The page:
You’ve just graduated from college, and now you’re faced with a mountain of student loan debt. You’ve probably heard that you can refinance your student loans, but how does that work? This post explains how refinancing works and walks you through getting started.
Check your credit score
Your credit score is the representation of your ability to pay back the money. It’s determined by how well you’ve paid off past debts and whether or not you have outstanding bills. The closer to zero your score is, the better—but even if it’s above 600, there’s still room for improvement!
An important thing to note when researching refinancing options is that many student loan providers use credit scores to determine the interest rate they offer borrowers. A good score can help knock down your monthly payments and save you thousands.
Have proof of income
Proof of income will help convince the lender that you can repay your student loans. If your job is unstable or if you’re starting out, lenders may want to see that you have a stable source of income and/or financial assets. So it’s crucial to show more than one source of income.
Consider a co-signer
A co-signer can be a great asset if you’re trying to refinance student loans. If you have a good relationship with your parents or another family member, that person may agree to co-sign on your loan so that you can get a lower interest rate and payment terms from the lender. But there are also risks involved when using a co-signer, so make sure you understand those before making this decision.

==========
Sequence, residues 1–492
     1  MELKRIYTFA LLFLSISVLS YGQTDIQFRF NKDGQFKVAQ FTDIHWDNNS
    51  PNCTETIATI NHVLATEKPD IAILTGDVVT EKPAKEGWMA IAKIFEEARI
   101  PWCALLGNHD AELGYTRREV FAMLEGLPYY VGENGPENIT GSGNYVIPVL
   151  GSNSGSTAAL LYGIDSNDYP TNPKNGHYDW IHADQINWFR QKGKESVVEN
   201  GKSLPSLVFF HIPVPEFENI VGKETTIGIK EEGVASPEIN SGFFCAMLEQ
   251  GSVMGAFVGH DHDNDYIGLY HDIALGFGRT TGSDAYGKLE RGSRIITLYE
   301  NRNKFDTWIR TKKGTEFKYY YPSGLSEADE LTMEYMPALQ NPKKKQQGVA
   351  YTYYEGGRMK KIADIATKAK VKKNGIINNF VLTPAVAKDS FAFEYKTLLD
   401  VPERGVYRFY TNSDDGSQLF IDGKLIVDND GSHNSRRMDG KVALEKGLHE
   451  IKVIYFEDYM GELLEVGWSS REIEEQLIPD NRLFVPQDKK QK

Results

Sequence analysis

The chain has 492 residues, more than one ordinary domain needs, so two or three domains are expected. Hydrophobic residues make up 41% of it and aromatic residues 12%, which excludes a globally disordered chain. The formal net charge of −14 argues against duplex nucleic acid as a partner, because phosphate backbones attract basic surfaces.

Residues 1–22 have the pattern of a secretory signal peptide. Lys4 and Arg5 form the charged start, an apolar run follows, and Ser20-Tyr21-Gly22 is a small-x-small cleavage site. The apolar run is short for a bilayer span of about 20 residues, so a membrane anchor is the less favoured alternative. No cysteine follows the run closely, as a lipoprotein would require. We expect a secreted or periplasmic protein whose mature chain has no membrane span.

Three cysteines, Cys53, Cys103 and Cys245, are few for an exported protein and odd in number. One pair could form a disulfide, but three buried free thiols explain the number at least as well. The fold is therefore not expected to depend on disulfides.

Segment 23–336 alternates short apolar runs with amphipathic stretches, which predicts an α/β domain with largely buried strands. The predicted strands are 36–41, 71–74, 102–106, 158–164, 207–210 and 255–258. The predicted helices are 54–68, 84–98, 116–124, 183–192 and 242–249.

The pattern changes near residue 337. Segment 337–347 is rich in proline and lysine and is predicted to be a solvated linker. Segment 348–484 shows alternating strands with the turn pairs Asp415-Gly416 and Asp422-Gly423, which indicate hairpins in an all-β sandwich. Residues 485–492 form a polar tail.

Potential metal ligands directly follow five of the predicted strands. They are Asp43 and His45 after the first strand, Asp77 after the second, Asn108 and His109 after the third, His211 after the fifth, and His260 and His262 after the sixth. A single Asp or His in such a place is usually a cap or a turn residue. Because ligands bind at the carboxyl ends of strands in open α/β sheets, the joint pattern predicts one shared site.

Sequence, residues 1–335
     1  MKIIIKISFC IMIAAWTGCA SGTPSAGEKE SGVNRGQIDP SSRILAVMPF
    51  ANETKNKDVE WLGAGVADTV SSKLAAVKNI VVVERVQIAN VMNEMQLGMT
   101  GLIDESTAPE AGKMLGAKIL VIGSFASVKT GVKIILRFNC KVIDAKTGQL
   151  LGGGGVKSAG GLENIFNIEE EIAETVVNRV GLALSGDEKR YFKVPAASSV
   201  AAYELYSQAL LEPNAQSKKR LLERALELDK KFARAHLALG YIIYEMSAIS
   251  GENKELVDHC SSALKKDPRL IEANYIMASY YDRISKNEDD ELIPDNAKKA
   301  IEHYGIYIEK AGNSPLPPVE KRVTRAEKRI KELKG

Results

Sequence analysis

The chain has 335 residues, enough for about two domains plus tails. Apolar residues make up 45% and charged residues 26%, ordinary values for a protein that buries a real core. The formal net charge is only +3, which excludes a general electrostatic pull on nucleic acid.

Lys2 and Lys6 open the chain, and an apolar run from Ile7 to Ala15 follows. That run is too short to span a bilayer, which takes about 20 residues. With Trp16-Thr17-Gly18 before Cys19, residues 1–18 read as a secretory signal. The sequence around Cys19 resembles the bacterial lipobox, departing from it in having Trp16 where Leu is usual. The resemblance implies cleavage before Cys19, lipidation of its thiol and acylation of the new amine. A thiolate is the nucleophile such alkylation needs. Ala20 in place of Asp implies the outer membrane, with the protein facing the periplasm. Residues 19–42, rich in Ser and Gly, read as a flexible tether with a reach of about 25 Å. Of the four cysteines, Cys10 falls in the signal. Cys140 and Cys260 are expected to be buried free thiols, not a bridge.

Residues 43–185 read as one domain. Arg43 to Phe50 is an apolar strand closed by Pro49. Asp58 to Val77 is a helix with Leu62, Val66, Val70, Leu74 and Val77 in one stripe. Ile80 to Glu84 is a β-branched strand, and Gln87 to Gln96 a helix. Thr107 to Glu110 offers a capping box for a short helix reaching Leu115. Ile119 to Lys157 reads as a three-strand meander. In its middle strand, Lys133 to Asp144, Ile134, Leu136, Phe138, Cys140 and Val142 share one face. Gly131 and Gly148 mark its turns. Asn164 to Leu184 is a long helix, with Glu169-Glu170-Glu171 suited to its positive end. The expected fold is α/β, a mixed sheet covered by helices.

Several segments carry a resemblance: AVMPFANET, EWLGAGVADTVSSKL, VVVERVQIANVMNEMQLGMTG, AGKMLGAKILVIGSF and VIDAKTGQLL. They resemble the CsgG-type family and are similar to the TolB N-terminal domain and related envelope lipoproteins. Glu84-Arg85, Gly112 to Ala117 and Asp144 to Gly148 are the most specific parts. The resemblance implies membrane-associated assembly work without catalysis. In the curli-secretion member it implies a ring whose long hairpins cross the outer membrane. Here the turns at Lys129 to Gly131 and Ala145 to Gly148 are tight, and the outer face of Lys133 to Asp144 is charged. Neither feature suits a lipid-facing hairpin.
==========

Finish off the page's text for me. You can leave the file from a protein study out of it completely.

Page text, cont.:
Find out what your loans are worth
Before you jump into refinancing, check to see if you have any private loans. If so, these must be consolidated with your federal student loans before refinancing. That way, all of your payments will go through one source—which makes managing them much easier.
You’ll also want to ensure that your student loan’s value is high enough to make refinancing worth it. Once you’ve found out how much interest rate reduction and savings you can get by refinancing into a new loan program, compare that with what they’re currently paying on their current plan.
- Shop around: One of the main ways to get a good deal on student loans is by shopping around, so it’s important to look at multiple lenders, terms and amounts.
- Look at different interest rates: Interest rates can vary quite a bit from one lender to another, so ensure you’re getting the best rate possible before committing yourself to an agreement with one lender. Lantern by SoFi says, “Many factors affect your credit scores and the interest rates you may get.”
Be aware of the additional costs
When you refinance your student loans, you might get a lower interest rate and monthly payment. But keep in mind that there are other costs associated with refinancing. These include application fees and origination charges. If these costs add up to more than $100, consider refinancing through another lender who doesn’t charge these hidden fees.
Refinancing is a powerful tool to help you save money on student loans. But like any financial decision, it’s important to understand all your options and keep an eye out for red flags before deciding whether or not you should refinance your student loans.